Program Planning Considerations:
Teachers who are planning a program in this subject will make an effort to take into account considerations for program planning that aligns with the Ontario Ministry of Education policy and initiatives in a number of important areas.
Planning Programs for Students with Special Education Needs, Program Considerations for, English Language Learners, Environmental Education, Healthy Relationships, Equity and, Inclusive Education, Financial Literacy Education, Literacy, Mathematical Literacy, and Inquiry Skills, Critical Thinking and Critical Literacy, The Role of the School Library, The Role of Information and Communications Technology, The Ontario Skills Passport: Making Learning Relevant and Building Skills, Education and Career/Life Planning, Cooperative Education and Other Forms of Experiential Learning, Planning Program Pathways and Programs Leading to a Specialist High Skills Major, Health and Safety, Ethics.
|Trigonometry- 2.1 Trig Ratios with Acute Angles||00:00:00|
|Trigonometry- 2.2 The Unit Circle||00:00:00|
|Trigonometry- 2.3 The Sine Law||00:00:00|
|Trigonometry- 2.4 The Cosine Rule||00:00:00|
|MAP4C- Unit TEST Trigonometry||02:00:00|
|Measurement- 1.4 Optimize Perimeter and Area||00:00:00|
|Measurement- 1.4.1 Optimize Perimeter and Area 3 Sides||00:00:00|
|Measurement- MAP4C LP2 Optimizing Areas and Perimeter 2||00:00:00|
|MAP4C- LP- Central Tendancy||10, 00:00|
|Unit 2 Assignment Measurment||10, 00:00|
|Chapter Quiz 1.1 – 1.3||02:00:00|
|MAP4C QZ Prerequisuite Skills||02:00:00|
|Unit 2 Test- Measurement and Optimization Version 1||02:00:00|
|Unit 2 Test Measurement and Optimizing Version 2||02:00:00|
|3. Data and Statistics|
|Data and Statistics- Textbook Chapter 3||00:00:00|
|Assignment- Two Variable Stats||10, 00:00|
|Data Assignment||10, 00:00|
|MAP4C- Two Variable Statistics||02:00:00|
|Quiz Two Variable Stats||02:00:00|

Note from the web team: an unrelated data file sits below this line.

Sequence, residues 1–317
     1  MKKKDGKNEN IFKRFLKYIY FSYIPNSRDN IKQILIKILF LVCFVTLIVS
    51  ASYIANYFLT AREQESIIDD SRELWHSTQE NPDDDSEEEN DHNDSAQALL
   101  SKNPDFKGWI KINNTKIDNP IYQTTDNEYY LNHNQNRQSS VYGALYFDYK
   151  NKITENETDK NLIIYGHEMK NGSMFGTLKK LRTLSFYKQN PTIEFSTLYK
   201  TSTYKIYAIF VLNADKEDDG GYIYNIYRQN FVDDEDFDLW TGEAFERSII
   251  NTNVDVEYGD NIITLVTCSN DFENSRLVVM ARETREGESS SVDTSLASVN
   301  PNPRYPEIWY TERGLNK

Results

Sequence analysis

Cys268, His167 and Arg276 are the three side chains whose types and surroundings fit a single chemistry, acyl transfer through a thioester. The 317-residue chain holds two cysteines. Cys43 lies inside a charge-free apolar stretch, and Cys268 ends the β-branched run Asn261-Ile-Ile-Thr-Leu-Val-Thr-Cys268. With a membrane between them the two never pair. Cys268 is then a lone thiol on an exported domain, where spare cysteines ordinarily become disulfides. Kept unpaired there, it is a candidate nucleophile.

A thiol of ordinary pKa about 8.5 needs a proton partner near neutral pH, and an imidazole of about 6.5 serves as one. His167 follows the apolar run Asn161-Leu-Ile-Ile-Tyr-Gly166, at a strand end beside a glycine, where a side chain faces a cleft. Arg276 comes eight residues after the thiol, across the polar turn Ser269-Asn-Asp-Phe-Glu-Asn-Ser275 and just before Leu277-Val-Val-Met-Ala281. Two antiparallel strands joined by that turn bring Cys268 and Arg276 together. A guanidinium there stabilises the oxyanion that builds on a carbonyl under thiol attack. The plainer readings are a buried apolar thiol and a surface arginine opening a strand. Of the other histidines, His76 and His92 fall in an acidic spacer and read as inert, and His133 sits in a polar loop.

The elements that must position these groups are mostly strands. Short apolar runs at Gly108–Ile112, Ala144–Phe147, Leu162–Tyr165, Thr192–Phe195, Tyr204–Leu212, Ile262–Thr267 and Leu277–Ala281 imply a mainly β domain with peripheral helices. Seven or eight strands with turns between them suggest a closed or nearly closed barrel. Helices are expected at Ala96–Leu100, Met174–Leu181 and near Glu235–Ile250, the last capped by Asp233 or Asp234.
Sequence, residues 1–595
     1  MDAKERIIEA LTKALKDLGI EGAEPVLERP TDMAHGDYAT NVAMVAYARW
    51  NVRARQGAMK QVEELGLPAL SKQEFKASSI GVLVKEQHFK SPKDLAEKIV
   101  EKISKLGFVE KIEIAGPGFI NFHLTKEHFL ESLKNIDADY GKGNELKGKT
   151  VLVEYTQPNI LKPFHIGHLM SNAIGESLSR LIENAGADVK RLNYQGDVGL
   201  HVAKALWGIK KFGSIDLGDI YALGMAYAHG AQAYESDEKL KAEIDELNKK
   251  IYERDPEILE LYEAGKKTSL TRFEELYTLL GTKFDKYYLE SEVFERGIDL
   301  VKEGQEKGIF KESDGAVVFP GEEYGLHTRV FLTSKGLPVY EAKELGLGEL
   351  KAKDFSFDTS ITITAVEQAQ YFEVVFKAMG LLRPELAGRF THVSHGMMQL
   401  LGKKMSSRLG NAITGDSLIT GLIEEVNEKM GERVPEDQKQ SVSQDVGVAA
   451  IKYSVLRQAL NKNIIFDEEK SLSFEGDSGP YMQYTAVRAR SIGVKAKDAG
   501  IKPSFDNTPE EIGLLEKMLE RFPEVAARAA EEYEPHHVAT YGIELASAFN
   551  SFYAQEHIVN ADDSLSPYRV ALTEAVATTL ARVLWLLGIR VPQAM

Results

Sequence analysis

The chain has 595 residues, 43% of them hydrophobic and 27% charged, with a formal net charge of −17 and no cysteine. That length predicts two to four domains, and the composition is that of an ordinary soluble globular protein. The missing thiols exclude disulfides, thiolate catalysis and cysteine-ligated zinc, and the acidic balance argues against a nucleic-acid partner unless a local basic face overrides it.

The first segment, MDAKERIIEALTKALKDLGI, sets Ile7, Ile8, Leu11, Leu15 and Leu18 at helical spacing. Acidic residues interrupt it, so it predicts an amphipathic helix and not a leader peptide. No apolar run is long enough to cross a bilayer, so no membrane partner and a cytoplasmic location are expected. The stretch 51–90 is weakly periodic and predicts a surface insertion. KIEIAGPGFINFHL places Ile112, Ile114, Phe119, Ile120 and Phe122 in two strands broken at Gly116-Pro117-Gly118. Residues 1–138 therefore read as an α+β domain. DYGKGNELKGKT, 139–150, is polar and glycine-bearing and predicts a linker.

|4. Graphical Models|
|Graphical Models- L1 Interpreting Graphical Models||00:00:00|
|Graphical Models- L1 Linear Models||00:00:00|
|Graphical Models- L2 Linear Models||00:00:00|
|Graphical Models- L3 Quadratic Models||00:00:00|
|Graphical Models- L5 Exponential Models||00:00:00|
|Graphical Models- Lessons||00:00:00|
|5. Algebric Models|
|Algebric Models- CH 6 Algebra||00:00:00|
|Algebric Models- Textbook 6 Answers||00:00:00|
|Solving Exponential Equations||10, 00:00|
|6. Financial Application|
|Financial Application- L1 Annuities Mortgages textbook||00:00:00|
|Financial Application- L2 Simple and Compound Interest||00:00:00|
|Financial Application- L3 The Amount of an Annuity||00:00:00|
|Financial Application- Textbook Answers||00:00:00|
|Table Assignment||10, 00:00|
|Annuitites Assignment||10, 00:00|
|A2 The amount of an Annuity||10, 00:00|
|A1 Simple and Compound Intrests||10, 00:00|
|Annuities and Mortgages TEST||02:00:00|
|MAP4C – UT Exponential Laws and Equations TEST||02:00:00|
|Budgeting- Bedgets textbook||00:00:00|
|Final ISU Part I||00:00|
|Final ISU Part II||00:00|
|Final ISU Part III||10, 00:00|
|Final ISU Part IV||10, 00:00|
|Final ISU Part V||10, 00:00|
|Final ISU Part VI||10, 00:00|
|Final ISU Part VII||10, 00:00|
|Rubric Assignment||10, 00:00|